In sports, there is a term known as “contract year.” When an athlete is playing in the final year of his current deal and then has a huge season, they usually get overpaid for their talent.
Adrian Beltre has cashed in on this twice now in his career.
However, we have never heard of a “contract game.” Not the term at least. But it should always be associated with Larry Brown.
In Super Bowl XXX (we hate the Roman numerals, just tell us the year. It was the 1995 Super Bowl, played in 1996) Larry Brown became the only cornerback to be named Super Bowl MVP. He had two interceptions and the Cowboys won.
Problem is, Brown was in a “contract year.” And he parlayed his performance into a “contract game.”
He picked off two passes from a mediocre quarterback (Neil O’Donnell) and those INT’s set up a pair of Cowboys touchdowns.
Thus, he was named Super Bowl MVP in one of the weakest awards ever given. (Tom Brady being named MVP in the Patriots’ first Super Bowl win during their era of dominance also comes to mind. Brady was 16 of 27 for 145 yards and a touchdown in the upset of the Rams in
Super Bowl XXXVI the 2002 Super Bowl. 145 yards wins you MVP? Wow.)
You know why Neil O’Donnell was throwing to that side of the field? Because Hall of Famer Deion Sanders was covering the other side!
Because Larry Brown happened to be in the right place at the right time, Al Davis came calling and gave him $12.5 million over five years.
Nowadays, that doesn’t sound like that bad of a contract for a decent cornerback. But this was 15 years ago. And, even in the last year of his deal, Brown was making $3 million! You know who makes $3 million this season in the NFL? How’s this for a list of names: Hines Ward, Cedric Benson, Matt Birk, Kevin Walter, Matt Hasselback, Bryant McKinnie, Marques Colston and a bunch of others.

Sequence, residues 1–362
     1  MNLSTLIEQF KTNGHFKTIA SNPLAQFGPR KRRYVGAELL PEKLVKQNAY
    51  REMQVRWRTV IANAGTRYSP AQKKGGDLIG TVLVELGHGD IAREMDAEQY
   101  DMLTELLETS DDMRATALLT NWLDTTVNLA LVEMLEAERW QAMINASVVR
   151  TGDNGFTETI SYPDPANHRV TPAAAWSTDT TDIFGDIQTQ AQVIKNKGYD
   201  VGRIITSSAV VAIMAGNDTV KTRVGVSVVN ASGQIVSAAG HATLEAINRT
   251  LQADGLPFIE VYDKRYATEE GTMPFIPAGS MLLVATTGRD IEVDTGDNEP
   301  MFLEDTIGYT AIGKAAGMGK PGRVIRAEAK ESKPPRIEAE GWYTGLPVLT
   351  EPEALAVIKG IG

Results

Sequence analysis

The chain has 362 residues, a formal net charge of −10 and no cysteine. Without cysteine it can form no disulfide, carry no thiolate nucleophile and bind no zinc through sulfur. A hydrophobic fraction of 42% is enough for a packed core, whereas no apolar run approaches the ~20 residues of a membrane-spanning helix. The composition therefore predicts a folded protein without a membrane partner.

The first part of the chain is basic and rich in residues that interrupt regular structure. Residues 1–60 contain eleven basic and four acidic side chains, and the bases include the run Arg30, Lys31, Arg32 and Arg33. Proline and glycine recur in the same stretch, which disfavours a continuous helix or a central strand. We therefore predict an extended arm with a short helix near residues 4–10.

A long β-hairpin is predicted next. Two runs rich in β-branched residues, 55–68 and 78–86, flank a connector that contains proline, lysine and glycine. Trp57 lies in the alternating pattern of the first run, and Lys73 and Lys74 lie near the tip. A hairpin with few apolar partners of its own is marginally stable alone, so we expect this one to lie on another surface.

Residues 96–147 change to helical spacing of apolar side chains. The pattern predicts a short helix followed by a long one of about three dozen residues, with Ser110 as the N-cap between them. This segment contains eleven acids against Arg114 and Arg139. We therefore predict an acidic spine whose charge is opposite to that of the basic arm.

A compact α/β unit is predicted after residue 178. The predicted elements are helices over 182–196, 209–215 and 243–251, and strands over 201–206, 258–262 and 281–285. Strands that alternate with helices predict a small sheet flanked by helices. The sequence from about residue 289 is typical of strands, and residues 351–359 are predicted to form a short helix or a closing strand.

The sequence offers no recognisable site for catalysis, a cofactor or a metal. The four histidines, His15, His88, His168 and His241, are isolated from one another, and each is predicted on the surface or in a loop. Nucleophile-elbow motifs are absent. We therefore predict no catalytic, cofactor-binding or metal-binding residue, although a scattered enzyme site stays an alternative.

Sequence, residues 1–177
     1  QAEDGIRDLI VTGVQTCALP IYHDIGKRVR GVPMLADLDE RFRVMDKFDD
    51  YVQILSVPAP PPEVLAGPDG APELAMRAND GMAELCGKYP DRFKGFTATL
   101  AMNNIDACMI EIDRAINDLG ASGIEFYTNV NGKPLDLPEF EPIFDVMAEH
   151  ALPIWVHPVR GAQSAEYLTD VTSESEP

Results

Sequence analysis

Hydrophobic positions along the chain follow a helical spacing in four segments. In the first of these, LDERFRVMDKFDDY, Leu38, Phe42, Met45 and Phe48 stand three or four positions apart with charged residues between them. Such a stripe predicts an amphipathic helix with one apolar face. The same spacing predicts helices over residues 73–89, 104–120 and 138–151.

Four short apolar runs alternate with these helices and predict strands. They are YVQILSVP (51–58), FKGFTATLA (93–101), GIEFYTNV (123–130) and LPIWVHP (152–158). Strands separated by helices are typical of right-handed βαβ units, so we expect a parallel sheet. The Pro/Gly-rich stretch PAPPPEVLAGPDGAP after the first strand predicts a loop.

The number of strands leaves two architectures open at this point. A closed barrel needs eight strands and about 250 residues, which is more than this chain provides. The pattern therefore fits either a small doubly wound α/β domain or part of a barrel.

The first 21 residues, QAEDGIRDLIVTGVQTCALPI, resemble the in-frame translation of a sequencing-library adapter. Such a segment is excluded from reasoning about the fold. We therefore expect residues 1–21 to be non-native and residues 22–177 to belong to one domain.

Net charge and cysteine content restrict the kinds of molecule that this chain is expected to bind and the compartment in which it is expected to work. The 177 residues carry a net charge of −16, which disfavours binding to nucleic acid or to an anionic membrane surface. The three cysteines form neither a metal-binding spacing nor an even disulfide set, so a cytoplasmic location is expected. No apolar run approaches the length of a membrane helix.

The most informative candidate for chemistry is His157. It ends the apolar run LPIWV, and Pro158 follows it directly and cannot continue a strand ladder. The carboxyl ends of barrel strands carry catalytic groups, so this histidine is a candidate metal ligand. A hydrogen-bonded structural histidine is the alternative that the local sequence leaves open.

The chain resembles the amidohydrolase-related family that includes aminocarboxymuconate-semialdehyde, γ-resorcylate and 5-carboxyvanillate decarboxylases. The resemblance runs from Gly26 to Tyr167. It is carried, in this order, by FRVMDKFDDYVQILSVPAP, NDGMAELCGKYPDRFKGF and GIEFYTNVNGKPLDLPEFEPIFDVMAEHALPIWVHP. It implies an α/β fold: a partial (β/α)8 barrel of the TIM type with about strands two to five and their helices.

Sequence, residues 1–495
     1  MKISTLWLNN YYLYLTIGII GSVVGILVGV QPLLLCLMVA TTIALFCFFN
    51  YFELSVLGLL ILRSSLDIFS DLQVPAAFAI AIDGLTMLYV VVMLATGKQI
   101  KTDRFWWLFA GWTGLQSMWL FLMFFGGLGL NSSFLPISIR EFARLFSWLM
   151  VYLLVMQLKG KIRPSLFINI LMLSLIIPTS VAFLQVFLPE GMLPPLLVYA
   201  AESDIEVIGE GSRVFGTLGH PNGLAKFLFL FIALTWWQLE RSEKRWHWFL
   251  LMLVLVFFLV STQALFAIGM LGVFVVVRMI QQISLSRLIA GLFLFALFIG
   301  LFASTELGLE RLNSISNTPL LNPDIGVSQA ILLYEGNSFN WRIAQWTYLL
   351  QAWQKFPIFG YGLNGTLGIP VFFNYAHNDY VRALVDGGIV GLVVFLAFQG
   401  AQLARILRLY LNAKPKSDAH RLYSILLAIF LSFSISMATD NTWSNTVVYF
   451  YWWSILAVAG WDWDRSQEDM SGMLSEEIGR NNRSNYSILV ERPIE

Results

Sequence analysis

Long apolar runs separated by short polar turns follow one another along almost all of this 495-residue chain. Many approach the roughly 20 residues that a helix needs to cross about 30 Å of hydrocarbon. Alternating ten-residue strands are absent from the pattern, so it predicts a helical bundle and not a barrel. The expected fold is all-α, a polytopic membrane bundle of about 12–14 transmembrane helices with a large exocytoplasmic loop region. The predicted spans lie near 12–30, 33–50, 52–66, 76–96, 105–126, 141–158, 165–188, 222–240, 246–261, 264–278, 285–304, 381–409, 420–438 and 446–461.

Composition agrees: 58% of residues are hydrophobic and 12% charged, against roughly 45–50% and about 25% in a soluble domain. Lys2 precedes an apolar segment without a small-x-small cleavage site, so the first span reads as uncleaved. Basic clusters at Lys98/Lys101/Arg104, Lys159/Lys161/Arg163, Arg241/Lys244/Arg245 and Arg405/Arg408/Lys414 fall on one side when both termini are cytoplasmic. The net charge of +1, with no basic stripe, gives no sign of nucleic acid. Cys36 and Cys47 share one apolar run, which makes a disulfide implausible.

Look, I’m not complaining that Larry Brown cashed in. If you’re going to have two picks in a game, might as well make it the Super Bowl. It was just another poor contract in a long line of them coming from Al Davis. Hell, I’d love to have a fantastic day of work and have some company call me and offer me an over-the-top contract. Sure, I’ll move to Oakland.
Al Davis: Hi, this is Al Davis, owner of the Oakland Raiders. I really liked how you fired off those emails. And that work on the Excel spreadsheet? Dynamite. Your speed in typing and in your work really shows and you know how I love speed. You just had a pretty decent year capped off by a ‘contract day.’ How would you like to join our team? I’ll offer you a five-year deal worth $12.5 million and I’ll release you in two years. How’s that sound?
Me: Sounds like you’re an idiot, but where do I sign?
The fact is, Larry Brown was not that good of a cornerback. Serviceable? Yes. A starter on the Cowboys since he was a rookie? Yes. Good? Yes. Great? No. Super Bowl MVP worthy? No.
After his Super Bowl MVP, Brown played in 16 games – over the next three seasons! He played in just 12 the next two years in Oakland and then played in four after he went back to the Cowboys.
According to pro-football-reference.com, Brown is similar in his career to these players: Warren Livingston, Fletcher Smith, Jimmy Burson, James Washington, Earlie Thomas, Corey Raymond, D.J. Johnson, Elbert Kimbrough, Madieu Williams, Patrick Allen.
How many of them have you heard of?
And that’s exactly why Larry Brown is our Random Pro of the Week.